Helping team members overcome the stress of restructuring of adult services demands openness and support

Kent Council has just completed a major restructuring, the full consequences of which are yet to be felt, says James Lampert. The split between adult and children’s services, for us, is one of the biggest changes to contend with and it is time for our new adult services directorate to form its own, new identity.

While change is to be welcomed as providing a new opportunity, it’s also important to recognise the stresses that it can cause for everyone caught up in the journey to the brave new world.

As a manager of a front-line team, it’s important to use a range of strategies to help the team, and individuals within the team, cope with what the organisation is demanding of them, in terms of working practices and meeting new targets.

I acknowledge that stress exists by having regular team meetings, not only to share information about what’s going on, but to give opportunities for the team to openly talk about worries or concerns.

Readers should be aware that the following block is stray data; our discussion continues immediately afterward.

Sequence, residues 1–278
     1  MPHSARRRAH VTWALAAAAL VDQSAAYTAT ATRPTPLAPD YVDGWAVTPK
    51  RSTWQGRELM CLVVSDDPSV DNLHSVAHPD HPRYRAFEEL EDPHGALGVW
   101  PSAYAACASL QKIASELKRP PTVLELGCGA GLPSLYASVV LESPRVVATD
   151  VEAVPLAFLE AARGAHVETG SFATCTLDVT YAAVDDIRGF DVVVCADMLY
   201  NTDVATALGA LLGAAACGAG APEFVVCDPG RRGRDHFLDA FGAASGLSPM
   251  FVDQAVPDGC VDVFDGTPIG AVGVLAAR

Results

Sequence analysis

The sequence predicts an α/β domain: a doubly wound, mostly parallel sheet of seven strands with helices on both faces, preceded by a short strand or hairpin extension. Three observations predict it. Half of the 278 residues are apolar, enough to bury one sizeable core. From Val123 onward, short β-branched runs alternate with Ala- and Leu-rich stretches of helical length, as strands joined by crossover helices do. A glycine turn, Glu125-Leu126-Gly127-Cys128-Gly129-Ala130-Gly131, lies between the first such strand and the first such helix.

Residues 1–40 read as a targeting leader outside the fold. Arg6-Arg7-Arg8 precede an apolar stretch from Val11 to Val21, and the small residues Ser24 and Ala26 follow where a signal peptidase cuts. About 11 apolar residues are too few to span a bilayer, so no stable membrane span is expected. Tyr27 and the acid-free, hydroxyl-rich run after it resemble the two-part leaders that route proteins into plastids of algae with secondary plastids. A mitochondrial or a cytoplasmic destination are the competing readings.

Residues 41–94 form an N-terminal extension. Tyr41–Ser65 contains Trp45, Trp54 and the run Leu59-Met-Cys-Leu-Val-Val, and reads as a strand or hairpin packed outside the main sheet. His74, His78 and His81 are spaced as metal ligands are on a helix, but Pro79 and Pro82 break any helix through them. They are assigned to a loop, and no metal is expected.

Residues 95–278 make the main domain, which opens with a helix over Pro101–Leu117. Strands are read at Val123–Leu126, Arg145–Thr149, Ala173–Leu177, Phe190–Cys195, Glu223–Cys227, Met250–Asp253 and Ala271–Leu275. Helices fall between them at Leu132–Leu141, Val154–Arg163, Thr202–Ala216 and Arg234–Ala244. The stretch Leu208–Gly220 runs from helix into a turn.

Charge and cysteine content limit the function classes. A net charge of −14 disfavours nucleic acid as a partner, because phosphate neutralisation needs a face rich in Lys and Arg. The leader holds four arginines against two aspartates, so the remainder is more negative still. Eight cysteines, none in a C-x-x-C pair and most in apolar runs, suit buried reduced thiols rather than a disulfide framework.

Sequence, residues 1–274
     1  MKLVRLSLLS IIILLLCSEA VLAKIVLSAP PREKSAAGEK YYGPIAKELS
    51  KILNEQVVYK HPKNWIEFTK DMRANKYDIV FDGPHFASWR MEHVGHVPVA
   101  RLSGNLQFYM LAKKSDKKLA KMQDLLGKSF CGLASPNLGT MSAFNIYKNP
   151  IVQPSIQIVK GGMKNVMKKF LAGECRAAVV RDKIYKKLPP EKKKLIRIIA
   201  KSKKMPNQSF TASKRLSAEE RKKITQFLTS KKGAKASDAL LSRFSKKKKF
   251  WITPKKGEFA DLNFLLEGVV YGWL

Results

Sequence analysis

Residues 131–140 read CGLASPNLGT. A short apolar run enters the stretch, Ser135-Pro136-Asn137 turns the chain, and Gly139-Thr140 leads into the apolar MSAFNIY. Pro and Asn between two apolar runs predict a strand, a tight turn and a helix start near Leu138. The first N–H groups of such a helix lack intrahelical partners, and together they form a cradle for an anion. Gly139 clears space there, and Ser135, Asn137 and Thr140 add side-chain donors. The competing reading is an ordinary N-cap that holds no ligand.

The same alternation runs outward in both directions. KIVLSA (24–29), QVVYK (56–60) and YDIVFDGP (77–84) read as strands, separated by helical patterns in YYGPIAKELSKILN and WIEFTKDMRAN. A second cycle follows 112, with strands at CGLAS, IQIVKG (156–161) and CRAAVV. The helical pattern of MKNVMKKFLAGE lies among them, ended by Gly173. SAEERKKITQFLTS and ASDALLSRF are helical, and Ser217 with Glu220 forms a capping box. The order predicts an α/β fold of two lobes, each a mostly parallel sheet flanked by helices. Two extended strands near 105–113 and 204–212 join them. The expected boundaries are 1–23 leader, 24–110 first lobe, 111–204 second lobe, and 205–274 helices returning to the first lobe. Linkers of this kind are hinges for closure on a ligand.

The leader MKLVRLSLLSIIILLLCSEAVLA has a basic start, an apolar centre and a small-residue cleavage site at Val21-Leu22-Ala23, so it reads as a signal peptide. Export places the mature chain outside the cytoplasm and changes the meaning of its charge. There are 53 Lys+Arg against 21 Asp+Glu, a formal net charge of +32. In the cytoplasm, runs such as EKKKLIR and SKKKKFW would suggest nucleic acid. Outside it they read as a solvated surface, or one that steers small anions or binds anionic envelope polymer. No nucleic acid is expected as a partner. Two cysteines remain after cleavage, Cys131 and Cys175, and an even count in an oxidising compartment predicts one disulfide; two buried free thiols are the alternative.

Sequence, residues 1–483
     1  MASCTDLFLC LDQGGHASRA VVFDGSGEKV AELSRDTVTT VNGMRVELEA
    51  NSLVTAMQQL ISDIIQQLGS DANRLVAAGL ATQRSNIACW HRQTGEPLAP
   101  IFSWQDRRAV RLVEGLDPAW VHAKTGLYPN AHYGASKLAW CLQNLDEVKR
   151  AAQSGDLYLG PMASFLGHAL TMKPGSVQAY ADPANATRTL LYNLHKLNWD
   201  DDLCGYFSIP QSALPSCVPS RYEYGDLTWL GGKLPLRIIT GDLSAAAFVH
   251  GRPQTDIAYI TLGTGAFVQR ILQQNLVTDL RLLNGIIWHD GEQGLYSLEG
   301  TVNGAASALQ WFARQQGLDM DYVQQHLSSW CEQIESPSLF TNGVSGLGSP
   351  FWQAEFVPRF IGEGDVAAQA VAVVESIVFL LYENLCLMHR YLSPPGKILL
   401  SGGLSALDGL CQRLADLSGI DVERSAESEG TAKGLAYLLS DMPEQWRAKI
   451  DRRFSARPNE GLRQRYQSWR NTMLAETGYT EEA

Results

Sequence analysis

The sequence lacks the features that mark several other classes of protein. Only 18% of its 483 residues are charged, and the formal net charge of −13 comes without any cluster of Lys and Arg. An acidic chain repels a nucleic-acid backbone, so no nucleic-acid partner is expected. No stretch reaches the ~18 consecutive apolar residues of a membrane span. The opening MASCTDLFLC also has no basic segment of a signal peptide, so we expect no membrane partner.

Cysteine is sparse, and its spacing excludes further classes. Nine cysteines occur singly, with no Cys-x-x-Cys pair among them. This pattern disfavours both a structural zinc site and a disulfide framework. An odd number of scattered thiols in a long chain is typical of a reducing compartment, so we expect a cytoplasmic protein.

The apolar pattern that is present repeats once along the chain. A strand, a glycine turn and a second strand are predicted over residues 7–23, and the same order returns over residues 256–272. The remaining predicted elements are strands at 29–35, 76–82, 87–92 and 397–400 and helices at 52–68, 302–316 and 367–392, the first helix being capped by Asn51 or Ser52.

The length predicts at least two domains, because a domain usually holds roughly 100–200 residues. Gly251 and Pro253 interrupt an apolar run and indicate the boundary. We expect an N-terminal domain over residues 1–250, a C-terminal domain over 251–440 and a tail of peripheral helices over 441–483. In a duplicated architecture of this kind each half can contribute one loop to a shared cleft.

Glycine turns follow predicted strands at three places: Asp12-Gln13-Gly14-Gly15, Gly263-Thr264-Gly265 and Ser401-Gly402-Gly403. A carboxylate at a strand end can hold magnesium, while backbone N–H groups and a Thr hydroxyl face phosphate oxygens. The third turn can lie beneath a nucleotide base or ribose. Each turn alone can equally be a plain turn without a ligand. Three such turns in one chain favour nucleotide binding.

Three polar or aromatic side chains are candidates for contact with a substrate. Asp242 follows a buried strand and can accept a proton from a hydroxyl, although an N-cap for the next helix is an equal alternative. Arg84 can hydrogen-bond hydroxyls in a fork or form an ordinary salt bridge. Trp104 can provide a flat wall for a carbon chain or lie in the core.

Last year, I completed a stress risk assessment with the help of the team. Everyone had an opportunity to talk about it at a team meeting and it was followed up by the opportunity to comment individually about issues causing stress. I will be repeating the exercise again over the next few weeks to measure how we’ve moved on and to look for team strategies to manage anything new that we might identify.

Team meetings can also be used as opportunities for senior managers, or others involved with instigating change, to be invited to come and discuss the reasons with, and listen to, those who will be affected. Meetings like these can encourage team members to contribute.

Good supervision is another useful tool for helping people manage stress. As well as caseload management, it’s important to find out how people are feeling about their own work commitments and their views on how effectively the organisation is helping them to do their jobs well.

It is important to remember to reward people for the work they do – and it’s not all about money. I regularly try to make a point of thanking or congratulating individuals and, indeed, the whole team for their help and successes. As a manager, it’s also much easier to get team members to engage with change if they know that they are all valued and respected for their hard work and commitment.

It is my job to create the right environment in which people can become motivated. I try to help build team morale and to support people with managing stress and organisational change. This all leads to making an effective, happy team that will be better equipped to support itself during more difficult times.

James Lampert is team leader, occupational therapy bureau, Kent Council

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